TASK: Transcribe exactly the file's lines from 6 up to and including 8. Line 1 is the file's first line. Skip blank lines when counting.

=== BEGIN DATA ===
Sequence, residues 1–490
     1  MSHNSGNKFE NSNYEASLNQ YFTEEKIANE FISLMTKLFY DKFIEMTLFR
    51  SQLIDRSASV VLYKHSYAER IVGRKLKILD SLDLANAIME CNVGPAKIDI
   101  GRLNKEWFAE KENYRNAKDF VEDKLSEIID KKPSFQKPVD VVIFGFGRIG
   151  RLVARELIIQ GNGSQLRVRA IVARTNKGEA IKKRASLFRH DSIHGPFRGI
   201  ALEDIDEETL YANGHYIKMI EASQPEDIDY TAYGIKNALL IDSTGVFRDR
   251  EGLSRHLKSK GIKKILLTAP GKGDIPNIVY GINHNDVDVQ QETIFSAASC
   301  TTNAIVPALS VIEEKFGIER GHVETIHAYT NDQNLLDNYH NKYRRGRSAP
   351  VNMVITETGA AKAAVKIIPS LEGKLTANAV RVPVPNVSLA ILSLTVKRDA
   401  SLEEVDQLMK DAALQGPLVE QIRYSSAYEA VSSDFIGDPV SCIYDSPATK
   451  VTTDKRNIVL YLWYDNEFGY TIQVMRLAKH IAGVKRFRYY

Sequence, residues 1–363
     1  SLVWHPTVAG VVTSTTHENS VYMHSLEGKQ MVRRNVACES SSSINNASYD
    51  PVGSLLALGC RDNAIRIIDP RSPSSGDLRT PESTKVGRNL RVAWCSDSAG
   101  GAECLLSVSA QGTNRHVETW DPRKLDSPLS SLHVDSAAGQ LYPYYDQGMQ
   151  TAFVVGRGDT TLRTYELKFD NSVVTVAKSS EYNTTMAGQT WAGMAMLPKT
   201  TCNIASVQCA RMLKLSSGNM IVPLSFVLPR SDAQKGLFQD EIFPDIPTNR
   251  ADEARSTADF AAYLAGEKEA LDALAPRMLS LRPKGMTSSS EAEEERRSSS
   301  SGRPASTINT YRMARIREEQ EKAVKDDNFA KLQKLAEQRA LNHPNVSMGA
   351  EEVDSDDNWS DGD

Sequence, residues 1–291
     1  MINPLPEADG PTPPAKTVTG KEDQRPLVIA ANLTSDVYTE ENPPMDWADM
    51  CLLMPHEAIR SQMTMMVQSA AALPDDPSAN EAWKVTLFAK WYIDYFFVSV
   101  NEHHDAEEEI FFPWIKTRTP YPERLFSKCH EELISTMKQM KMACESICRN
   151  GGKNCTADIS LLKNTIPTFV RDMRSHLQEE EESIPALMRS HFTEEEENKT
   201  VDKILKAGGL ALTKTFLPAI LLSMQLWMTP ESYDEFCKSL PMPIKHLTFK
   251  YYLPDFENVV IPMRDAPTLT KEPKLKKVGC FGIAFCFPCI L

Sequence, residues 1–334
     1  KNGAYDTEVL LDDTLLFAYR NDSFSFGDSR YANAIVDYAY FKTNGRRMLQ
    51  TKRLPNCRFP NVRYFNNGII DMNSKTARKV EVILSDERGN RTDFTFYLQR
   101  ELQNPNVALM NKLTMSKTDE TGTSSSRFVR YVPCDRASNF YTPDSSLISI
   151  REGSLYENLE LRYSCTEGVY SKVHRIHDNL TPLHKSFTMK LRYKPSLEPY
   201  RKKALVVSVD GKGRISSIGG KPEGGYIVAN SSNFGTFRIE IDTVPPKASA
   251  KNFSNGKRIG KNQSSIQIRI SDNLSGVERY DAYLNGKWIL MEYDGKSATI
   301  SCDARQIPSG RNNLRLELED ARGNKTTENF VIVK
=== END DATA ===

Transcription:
   201  ALEDIDEETL YANGHYIKMI EASQPEDIDY TAYGIKNALL IDSTGVFRDR
   251  EGLSRHLKSK GIKKILLTAP GKGDIPNIVY GINHNDVDVQ QETIFSAASC
   301  TTNAIVPALS VIEEKFGIER GHVETIHAYT NDQNLLDNYH NKYRRGRSAP